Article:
Stanza-wise Annotation of Follower:
Please note: N= noun, V=verb, Adj=Adjective, Adv=Adverb, P=Preposition
Horse-plough (N): A large farming implement with one or more blades fixed in a frame, drawn over soil to turn it over and cut furrows in preparation for the planting of seeds, which is pulled by a horse
Globed (V): Past participle form of the word “globe”, that is, to form (something) into a globe or a spherical structure
Sail (N): A piece of material extended on a mast to catch the wind and propel a boat or ship or other vessels
Strung (V): Past participle form of the word “string”, that is, to hang (something) so that it stretches in a long line
Shafts (N): Plural form of the word “shaft”, that is, each of the pair of poles between which a horse is harnessed to a vehicle
Furrow (N): A long, narrow trench made in the ground by a plow, especially for planting seeds or irrigation
Strained (V): Past participle form of the word “strain”, that is, to stretch (something) tightly
Clicking (V): Present participle form of the word “click”, that is, to make or cause to make a short, sharp sound as of a switch being operated or of two hard objects coming smartly into contact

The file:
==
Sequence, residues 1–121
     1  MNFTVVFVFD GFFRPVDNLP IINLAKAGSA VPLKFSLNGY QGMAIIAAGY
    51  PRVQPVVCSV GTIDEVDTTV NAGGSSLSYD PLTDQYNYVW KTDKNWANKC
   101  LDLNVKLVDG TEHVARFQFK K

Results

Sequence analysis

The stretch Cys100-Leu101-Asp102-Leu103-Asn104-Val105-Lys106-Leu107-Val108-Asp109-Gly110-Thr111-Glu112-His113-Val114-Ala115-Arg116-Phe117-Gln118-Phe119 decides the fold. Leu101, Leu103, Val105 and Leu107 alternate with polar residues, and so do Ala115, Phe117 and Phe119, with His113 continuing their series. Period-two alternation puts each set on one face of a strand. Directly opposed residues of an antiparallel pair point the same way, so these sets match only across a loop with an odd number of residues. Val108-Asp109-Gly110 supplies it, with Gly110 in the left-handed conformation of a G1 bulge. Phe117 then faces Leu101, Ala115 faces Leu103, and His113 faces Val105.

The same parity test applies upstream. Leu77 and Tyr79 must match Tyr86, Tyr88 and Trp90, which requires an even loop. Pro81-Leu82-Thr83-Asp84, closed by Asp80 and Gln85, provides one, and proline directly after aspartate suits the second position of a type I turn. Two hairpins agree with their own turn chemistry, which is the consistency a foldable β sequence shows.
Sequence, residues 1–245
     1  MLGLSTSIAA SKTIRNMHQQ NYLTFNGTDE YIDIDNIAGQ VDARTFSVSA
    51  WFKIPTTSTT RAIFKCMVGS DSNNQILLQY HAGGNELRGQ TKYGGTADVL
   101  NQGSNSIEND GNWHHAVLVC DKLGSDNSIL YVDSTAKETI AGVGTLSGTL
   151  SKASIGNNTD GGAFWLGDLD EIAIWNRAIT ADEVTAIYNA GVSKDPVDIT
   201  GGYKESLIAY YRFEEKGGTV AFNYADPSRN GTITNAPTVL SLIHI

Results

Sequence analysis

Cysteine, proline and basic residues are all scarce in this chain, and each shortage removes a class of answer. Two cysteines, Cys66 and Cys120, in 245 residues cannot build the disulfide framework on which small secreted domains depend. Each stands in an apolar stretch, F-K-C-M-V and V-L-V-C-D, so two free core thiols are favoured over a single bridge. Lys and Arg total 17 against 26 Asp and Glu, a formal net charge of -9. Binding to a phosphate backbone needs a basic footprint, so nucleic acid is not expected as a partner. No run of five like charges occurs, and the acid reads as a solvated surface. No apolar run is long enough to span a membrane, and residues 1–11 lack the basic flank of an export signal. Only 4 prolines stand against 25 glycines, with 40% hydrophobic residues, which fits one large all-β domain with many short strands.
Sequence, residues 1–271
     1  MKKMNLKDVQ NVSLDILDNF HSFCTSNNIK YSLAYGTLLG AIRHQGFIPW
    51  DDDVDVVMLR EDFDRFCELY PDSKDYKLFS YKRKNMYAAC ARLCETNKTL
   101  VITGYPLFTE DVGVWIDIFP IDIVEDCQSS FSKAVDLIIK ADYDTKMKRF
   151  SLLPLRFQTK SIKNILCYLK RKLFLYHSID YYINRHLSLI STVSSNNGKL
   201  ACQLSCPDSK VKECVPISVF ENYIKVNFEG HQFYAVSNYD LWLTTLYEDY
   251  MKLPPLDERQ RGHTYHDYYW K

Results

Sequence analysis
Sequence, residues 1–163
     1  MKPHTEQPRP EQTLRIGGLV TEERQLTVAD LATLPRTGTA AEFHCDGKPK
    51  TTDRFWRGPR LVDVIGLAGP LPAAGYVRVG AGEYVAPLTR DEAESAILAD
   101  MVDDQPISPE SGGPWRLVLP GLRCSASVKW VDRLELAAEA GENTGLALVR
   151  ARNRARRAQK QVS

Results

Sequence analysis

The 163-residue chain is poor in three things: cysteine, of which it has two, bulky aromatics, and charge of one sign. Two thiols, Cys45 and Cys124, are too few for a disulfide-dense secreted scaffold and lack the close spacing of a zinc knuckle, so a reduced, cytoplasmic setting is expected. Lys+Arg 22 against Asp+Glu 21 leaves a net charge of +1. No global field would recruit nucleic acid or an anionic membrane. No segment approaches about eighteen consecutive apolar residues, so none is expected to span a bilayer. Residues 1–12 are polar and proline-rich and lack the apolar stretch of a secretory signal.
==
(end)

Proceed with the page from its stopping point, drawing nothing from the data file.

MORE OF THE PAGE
Expert (N): A person who is very knowledgeable about or skillful in a particular area
Sod (N): The surface of the ground, with the grass growing on it; turf
Headrig (N): (In a sawmill) the carriage and saw used in cutting a log into slabs
Pluck (N): A light pull
Reins (N): Plural form of the word “rein”, that is, a long, narrow strap attached at one end to a horse’s bit, typically used in pairs to guide or check a horse in riding or driving
Narrowed (V): Past participle form of the word “narrow”, that is, to almost close (one’s eyes) so as to focus on something, or to indicate anger or other emotion
Angled (V): Past participle form of the word “angle”, that is, to direct or incline at an angle
Mapping (V): Present participle form of the word “map”, that is, to record in detail the spatial distribution of (something)
Stumbled (V): Past tense of the word “stumble”, that is, to trip or momentarily lose one’s balance; almost fall
Hob-nailed (Adj): Having or decorated with a raised pattern of short heavy-headed nails used to reinforce the soles of boots
Polished (Adj): Shiny as a result of being rubbed
Dipping (V): Present participle form of the word “dip”, that is, to put or let something down quickly or briefly
Plod (N): A slow, heavy walk
Stiffen (V): Make or become stiff or rigid
Nuisance (N): A person or thing causing inconvenience or annoyance